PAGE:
It’s been dubbed the “most pointless” motorway so why did Hertfordshire’s forgotten motorway – the M10 – ever get the thumbs up?
Across the country today, there are so many motorways and multi-lane A-roads so the infrastructure behind it often doesn’t bear thinking about.
On paper a motorway from Hemel Hempstead to St Albans (a whole three miles) looks like poor planning, or an idea gone wrong, but it actually proved to be the opposite – and it helped fix a planning nightmare.
In the late 1950s, as the M1 was being built between Watford and Rugby, the planners suddenly realised they had a problem – where do all the cars go at the other end?
Of course, many vehicles would have left the motorway at junctions along the way, but the nature of joining up two major areas is that you’d have six lanes of traffic passing through at all hours.
The solution was to build the M10 in the south and the M45 between Coventry and Birmingham.
These would encourage a significant amount of traffic to leave a few miles early and ease the burden on the motorway.
The M10 opened on the same day as the first part of the M1 on November 2, 1959 and took some of the traffic towards the A414 and A405, which provided access around the areas surrounding London.
That little stretch of road ended up being the ideal solution for its time, and avoided chaos on a regular basis (as much as that’s possible).
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However, it was a last-minute solution without a long-term plan and its importance started to decline as the motorway network grew.
First the M1 was extended into London in 1977 and then, crucially, the M25 was also extended in 1986, which led to a significant drop in use.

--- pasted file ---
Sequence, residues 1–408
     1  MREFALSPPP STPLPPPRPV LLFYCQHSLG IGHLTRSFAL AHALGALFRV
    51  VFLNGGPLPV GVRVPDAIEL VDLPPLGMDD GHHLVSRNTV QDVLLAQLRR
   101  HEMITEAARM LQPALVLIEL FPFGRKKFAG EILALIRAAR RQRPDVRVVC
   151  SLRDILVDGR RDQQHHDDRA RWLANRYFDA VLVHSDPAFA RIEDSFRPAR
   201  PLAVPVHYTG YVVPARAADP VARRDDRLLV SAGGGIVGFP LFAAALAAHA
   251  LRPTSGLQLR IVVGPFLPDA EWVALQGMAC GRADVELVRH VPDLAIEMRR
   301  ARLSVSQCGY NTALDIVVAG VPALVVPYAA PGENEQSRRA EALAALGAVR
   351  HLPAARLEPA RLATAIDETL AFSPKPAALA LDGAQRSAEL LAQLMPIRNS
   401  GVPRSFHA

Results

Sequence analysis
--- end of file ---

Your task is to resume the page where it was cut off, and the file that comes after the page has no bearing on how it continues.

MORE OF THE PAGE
For those wanting to travel east or west through Hertfordshire the M25 is – as hard as it is to believe some days – a much easier option than the A414 or North Orbital Road.
There were often whispers or rumours of extending the M10 to meet the M25 at Junction 22, but no concrete proposals or plans were ever brought forward.
Instead, the Highways Agency noticed the M10 would become even less useful as the M1 was upgraded to four lanes between the M25 and Luton area – cutting the amount of congestion to get towards the much quicker M25.
This prompted a remodelling of the layout between Junction 7 and Junction 8 of the M1 announced in the early 2000s.
This would replace the M10 and bring in the A414, allowing for traffic between St Albans and Hemel without needing to use the motorway – and also bringing in the traffic that would have needed to go through the town centre.
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The collector-distributor roads now run parallel to the M1 before heading off towards the Park Street Roundabout.
In May 2009 it ceased to be a motorway, unceremoniously reduced to A-road status just before its 50th birthday.
However, it’s still not a perfect option – for many in Hemel who are wanting to travel to St Albans, the A414 also doesn’t quite cut the corner off, meaning that the A4147 is still a better option.
However, the planners were keen to look at the positives as the road was downgraded.
The change also brought a benefit to others though. As John Duston, Highways Agency project manager, told the BBC back in 2009: “The reclassification of the M10, completed in 1959, so that it no longer has motorway status is good news for users of smaller motorcycles and learner drivers.
“Others who previously had to make a long detour to avoid the motorway will also benefit.”
So while the road has been called ‘pointless’ or pathetic, even, in recent years it’s clear that’s not always been the case.
During the rush hour commute you might not really be in the mood to consider its place within the history of the road network, but this short, walkable stretch of motorway was a lot more crucial than you might think.
Without the M10 there in the first place, using motorways through Hertfordshire might have been a stressful, chaotic experience – what a good job that’s not the case today.